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Volume 7 - Opinions of Counsel SBEA No. 115

Opinions of Counsel index

Assessments, generally (cooperative assessment agreement) - General Municipal Law, Article 5-G, § 119-n; Real Property Tax Law, §§ 102(1), 576:

A county which is not an assessing unit may not enter into a cooperative assessing agreement and contract with a city, town or village located therein to do its assessing.

Cooperative agreements to assess, between various assessing units, may be entered into in accordance with section 576 of the Real Property Tax Law and Article 5-G of the General Municipal Law. Some of the matters to be considered in drafting such an agreement, under which the services of one or more assessors are shared on a cooperative basis as a “joint service” by several assessing units, are set forth in 4 Op.Counsel SBEA No. 83.

Based upon the applicable statutes, it is our opinion that a county, which is not authorized to assess real property may not enter into a cooperative assessing agreement and contract with any of the municipalities located therein to do their assessing.

Section 119-n, subdivision c, of Article 5-G of the General Municipal Law defines the term “joint service”. The subdivision limits the term to the “joint provision of any municipal facility, service, activity, project or undertaking or the joint performance or exercise of any function or power which each of the municipal corporations or districts has the power by any other general or special law to provide, perform or exercise, separately” (emphasis added). The RPTL defines an “assessing unit” as a city, town, village or a county having a county department of assessment with the power to assess real property“ (§ 102(1)). Thus, unless the assessing function has been transferred to a county (see, 3 Op. Counsel SBEA No. 79; at present, only Nassau County and Tompkins County are county assessing units)), a county is not a municipal corporation with the power to perform the assessing function. Where a county is without the power to perform the assessing function, a county could not enter into a cooperative agreement to assess.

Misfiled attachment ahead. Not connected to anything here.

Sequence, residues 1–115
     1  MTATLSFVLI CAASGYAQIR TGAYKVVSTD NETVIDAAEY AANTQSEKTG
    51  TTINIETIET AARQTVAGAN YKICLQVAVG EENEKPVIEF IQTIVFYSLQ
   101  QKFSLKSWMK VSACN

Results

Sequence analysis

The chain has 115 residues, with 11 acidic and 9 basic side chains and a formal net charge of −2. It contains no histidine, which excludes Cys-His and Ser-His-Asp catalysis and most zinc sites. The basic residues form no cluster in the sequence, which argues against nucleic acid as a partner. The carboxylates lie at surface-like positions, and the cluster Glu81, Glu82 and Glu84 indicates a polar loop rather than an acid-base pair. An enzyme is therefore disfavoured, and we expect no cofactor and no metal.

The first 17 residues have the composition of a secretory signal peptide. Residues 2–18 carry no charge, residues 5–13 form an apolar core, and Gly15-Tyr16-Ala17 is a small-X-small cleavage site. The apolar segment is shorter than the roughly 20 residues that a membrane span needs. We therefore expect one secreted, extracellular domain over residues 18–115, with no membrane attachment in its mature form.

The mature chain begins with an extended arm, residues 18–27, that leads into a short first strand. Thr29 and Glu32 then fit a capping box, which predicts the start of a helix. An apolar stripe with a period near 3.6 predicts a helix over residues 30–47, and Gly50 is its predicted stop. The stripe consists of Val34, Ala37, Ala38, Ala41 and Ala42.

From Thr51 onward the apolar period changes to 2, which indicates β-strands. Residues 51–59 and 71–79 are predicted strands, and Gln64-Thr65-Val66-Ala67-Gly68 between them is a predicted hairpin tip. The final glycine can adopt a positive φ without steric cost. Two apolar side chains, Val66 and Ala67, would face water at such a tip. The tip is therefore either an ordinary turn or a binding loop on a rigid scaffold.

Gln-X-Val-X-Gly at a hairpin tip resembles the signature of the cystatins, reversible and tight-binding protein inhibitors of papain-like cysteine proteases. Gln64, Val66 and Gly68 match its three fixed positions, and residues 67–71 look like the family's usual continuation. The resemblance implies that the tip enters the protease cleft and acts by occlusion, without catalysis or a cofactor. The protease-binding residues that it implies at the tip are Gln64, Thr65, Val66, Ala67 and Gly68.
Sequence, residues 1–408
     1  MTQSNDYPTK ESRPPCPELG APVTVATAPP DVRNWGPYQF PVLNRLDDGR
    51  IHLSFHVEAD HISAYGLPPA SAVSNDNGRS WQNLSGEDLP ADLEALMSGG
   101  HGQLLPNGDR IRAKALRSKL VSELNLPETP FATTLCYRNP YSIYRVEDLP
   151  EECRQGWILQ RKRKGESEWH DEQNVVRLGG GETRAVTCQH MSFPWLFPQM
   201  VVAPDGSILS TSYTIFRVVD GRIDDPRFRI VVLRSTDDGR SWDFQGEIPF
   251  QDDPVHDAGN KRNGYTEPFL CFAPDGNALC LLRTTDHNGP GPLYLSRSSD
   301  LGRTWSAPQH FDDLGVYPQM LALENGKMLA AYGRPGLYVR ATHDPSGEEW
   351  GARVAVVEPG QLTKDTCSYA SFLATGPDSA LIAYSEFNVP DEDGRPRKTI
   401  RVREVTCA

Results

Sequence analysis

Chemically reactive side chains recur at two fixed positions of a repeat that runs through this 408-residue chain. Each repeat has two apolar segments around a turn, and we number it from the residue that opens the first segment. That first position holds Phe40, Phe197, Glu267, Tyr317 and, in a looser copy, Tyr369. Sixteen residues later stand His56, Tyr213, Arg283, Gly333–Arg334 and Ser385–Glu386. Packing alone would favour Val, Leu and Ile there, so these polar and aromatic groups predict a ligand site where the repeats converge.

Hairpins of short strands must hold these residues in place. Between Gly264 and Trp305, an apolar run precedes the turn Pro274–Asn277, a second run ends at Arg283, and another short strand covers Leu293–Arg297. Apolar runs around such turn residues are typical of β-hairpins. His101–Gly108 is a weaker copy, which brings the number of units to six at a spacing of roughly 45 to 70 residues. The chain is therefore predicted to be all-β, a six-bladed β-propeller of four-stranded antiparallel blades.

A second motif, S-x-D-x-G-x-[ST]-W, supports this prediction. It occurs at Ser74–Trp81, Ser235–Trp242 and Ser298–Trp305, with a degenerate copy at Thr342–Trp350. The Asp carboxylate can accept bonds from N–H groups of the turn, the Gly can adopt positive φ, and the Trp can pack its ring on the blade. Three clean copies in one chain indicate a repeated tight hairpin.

Further support for this position is found in sections 572, 578 and 1536 of the Real Property Tax Law, which establish the county’s relationship to its assessing units with regard to the assessing function.

Section 572 allows the governing body of any county, city, town or village to employ experts to appraise the value of real property within that municipality. These experts are employed for the assistance of the assessors in the assessment of real property and to provide expert testimony in any judicial proceeding in connection therewith.

Section 578 provides for county assistance under cooperative agreements. County assistance, under this section, is limited to data processing and other mechanical assistance in the preparation of assessment rolls, tax rolls, tax bills and other assessment and property tax records and for supplies of field books, assessment rolls and other assessment and property tax forms. It seems apparent that the Legislature considered the proper role of a county under one of these agreements to be a technical or clerical one, rather than substantive or judgmental.

In addition, section 1536 (see also, 9 NYCRR Subpart 195-2) authorizes counties to provide an advisory appraisal service to cities and towns. County advisory appraisals are limited to moderately complex taxable properties, which are “properties where the appraisals require either the professional use of engineering skills or the development of earnings or economic analyses of substantial complexity.” While advisory appraisals are to be considered by city or town assessors in making assessments, they are not binding (RPTL, § 1536(6)).

Therefore, it is our conclusion that while the several cities, towns and villages within a county may enter into cooperative agreements to assess real property and may cooperatively employ assessing personnel to this end, a county may not participate directly in this arrangement. A county’s role under these circumstances is limited to general assistance (RPTL, § 578) and advisory appraisal services (RPTL, § 1536).

September 16, 1982

Updated: